That was probably a long incoherent ramble. Whatever the case, I am scared. As a new trainee, I know that the system is flawed, but it does produce competent physicians in large part. If implemented, these new rules will hit hard. Because we've let ourselves become beggars at the foot of congress, we are essentially powerless to stop them.

17 Comments:

Anonymous Anonymous said...

you have little to no idea what you're talking about. until you go through the grind yourself you'll not understand how ridiculous some of these work hours have been and still are.

and having gone through some clerkships gives you merely a glimmer the fatigue involved..

6:36 AM  
Blogger Yitz said...

I can't see how you think there is no logic in an 80 hour work week or limiting shifts to 30 hours with the 5 hours to sleep. I could understand if you said there might be better ways to do this, but it is a fact that exhausted people make more mistakes, so having more rest will therefore eliminate some mistakes. Sounds logical to me.

7:44 PM  
Blogger MiamiMed said...

There are clear pros and cons to long on-duty hours. These things are not well worked out. There are clearly problems with limiting things too much. This also makes some smaller training programs nearly impossible, where the trade off is sleep deprivation vs. not enough manpower to run a residency at all. A random institute handing down a non-evidence based decree clearly doesn't solve this.

4:54 PM  
Anonymous Anonymous said...

Hey Miami,

First off, let me say: I think this is a brilliant blog. In many more ways than not, I find myself agreeing with you. That's my main criteria for deeming something brilliant. And, quite often, you express the same things I want to say a fair bit more eloquently than I could.

I'm on the fence about your comments regarding duty hours, however. At first, I was VERY supportive of limitations, and incensed by the fact that many programs (hello surgery!) tacitly require their residents to lie when reporting duty hours.

And I must say, having been through intern year, there's no question in my mind that the kind of hours we're asked to put in lead INEVITABLY to poor decision-making. Sometimes this is the result of poor judgement when you are exhausted. Sometimes it's simply out of a desire to get patients to quiet down while you get an hour of sleep in the middle of a 36 hour marathon. I know interns who freely dispense versed and morphine in the wee hours simply to temporize until morning rounds. I think that's unconscionable -- but I understand it, having been there myself. The point is -- after working for 18 hours straight (in the context of doing this several times a week), you WILL make bad decisions.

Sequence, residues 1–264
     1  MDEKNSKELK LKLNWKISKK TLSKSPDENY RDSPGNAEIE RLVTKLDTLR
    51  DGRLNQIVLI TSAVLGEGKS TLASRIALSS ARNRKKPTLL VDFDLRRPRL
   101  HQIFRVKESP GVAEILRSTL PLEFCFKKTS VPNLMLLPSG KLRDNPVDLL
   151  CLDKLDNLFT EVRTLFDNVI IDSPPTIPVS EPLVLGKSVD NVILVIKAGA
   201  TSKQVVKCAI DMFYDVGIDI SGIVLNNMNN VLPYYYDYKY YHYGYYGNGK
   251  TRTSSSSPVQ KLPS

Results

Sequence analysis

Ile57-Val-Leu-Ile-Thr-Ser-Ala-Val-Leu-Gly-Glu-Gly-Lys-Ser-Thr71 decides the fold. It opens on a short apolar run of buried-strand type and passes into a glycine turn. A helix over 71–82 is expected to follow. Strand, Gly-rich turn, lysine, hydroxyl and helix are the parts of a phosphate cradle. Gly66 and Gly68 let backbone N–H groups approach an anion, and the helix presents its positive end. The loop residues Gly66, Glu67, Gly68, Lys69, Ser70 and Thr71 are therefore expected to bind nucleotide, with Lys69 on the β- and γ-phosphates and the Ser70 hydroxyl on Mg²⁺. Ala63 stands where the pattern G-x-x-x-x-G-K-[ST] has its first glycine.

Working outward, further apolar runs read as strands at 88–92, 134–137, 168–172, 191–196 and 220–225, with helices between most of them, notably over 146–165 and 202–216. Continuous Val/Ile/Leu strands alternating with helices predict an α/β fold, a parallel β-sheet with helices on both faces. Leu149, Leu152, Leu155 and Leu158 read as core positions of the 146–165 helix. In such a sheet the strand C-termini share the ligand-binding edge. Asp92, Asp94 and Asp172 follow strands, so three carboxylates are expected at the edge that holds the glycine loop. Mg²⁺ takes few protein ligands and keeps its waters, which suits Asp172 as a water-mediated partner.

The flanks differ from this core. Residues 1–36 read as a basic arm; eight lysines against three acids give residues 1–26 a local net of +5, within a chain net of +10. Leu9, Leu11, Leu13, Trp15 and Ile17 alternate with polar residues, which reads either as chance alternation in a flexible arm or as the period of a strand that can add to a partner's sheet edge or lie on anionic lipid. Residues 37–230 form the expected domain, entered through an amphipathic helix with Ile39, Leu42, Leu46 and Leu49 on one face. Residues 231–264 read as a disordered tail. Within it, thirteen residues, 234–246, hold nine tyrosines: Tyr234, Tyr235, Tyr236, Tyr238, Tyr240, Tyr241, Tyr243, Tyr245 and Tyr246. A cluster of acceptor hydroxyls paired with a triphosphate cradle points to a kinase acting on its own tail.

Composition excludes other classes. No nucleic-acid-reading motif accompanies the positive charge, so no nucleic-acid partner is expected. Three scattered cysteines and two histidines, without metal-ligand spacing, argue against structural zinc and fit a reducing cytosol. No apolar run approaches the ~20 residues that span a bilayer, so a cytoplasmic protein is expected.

In addition, it's clear that this kind of exhaustion has ill effects on residents themselves. I've fallen asleep at traffic lights multiple times post-call. What if my foot slipped off the brake? One of my colleagues hit a parked car on the way home when he was struck by the sudden need for a nap. You can't tell me that's healthy.

So, the kind of hours we work are bad, in these respects. There are some ways in which they're 'good' -- i'll get into those later. If I remember.

Why is it that duty hours have become such a big deal? How was it that decades passed with physicians who went through residency without any duty hour limits and seemed to do fine? There are a couple of possibilities I can think of, off the top of my head: